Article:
Peter Blehl

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ABCs of 529s

As the costs associated with higher education continue to increase, saving for college continues to become an increasingly daunting task. With college education expenses increasing at a rate close to 6% annually, it is important to start saving as early as possible. When determining where to begin your savings, we typically recommend using a Qualified Tuition Plan, also referred to as a 529 plan.


We recommend 529 plans because the plans are tax-advantaged investment vehicles specifically designed for expenses associated with higher education. The main benefits are that the investment returns are tax-deferred, and withdrawals are generally not subject to federal or state income tax when used for qualified education expenses. Qualified education expenses include items such as: tuition, room & board, books, and computer equipment. Many states also offer income tax deductions or credits to residents who contribute to in-state 529 plans.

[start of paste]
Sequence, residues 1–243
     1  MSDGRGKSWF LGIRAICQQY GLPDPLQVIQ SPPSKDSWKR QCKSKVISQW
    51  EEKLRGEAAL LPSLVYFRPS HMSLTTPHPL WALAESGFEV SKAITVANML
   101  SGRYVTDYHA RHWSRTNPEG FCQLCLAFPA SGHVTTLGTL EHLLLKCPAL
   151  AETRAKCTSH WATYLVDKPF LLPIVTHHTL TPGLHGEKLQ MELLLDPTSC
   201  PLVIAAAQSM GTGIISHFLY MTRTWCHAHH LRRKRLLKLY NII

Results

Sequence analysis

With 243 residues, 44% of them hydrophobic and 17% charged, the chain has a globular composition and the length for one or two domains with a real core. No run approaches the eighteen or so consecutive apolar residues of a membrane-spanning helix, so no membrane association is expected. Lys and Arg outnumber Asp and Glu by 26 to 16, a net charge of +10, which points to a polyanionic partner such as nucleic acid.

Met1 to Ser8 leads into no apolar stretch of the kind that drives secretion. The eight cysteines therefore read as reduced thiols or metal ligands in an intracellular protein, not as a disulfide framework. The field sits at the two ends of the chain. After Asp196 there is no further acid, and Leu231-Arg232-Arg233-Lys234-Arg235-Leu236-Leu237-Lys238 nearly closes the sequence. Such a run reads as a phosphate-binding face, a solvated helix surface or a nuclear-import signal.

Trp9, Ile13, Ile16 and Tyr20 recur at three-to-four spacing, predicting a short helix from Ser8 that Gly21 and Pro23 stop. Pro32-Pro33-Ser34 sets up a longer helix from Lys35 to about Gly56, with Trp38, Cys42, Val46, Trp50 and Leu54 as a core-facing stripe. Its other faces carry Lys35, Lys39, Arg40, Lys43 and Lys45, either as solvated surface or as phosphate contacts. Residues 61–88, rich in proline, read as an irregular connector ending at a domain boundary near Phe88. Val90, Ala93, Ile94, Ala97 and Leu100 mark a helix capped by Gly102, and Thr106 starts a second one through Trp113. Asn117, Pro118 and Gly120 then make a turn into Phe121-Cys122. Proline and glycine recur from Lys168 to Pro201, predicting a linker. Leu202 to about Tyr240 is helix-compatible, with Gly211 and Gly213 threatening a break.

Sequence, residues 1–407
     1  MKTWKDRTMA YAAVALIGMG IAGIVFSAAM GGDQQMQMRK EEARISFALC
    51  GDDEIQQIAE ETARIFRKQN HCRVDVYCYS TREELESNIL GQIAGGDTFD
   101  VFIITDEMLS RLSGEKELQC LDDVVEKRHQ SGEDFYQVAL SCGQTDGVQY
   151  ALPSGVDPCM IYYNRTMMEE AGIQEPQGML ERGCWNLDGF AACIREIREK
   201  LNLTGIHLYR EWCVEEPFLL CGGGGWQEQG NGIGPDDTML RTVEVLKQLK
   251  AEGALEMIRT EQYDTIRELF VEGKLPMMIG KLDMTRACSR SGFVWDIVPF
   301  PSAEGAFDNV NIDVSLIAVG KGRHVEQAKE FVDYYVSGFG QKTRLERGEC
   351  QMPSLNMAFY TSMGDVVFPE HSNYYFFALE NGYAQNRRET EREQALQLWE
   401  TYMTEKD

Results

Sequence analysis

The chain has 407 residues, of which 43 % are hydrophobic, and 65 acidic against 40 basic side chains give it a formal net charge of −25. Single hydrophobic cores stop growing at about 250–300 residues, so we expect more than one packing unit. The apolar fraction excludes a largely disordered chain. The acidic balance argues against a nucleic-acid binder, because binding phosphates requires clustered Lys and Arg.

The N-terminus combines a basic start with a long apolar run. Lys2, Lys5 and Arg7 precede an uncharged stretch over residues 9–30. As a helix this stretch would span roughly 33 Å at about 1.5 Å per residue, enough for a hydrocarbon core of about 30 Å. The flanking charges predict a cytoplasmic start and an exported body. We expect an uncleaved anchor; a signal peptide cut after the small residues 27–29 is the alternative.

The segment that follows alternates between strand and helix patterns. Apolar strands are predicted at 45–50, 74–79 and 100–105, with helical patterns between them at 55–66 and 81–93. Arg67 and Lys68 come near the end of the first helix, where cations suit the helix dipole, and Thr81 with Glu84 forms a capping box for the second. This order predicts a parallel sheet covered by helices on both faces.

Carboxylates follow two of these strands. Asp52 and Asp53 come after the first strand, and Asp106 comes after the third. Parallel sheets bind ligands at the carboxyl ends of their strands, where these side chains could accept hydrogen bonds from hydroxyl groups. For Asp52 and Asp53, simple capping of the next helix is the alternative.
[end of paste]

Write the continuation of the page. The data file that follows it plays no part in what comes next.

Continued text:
529 plans are also and effective estate planning vehicle. An individual can gift assets to relatives or close family friends, and remove the assets from their estate. In addition, there is a provision in the law which allows contributors to front-load five years’ worth of gifts, effectively providing a way for married couples to shift $140,000 of assets out of their estate (provided there are no additional gifts to the beneficiary within that five year period).

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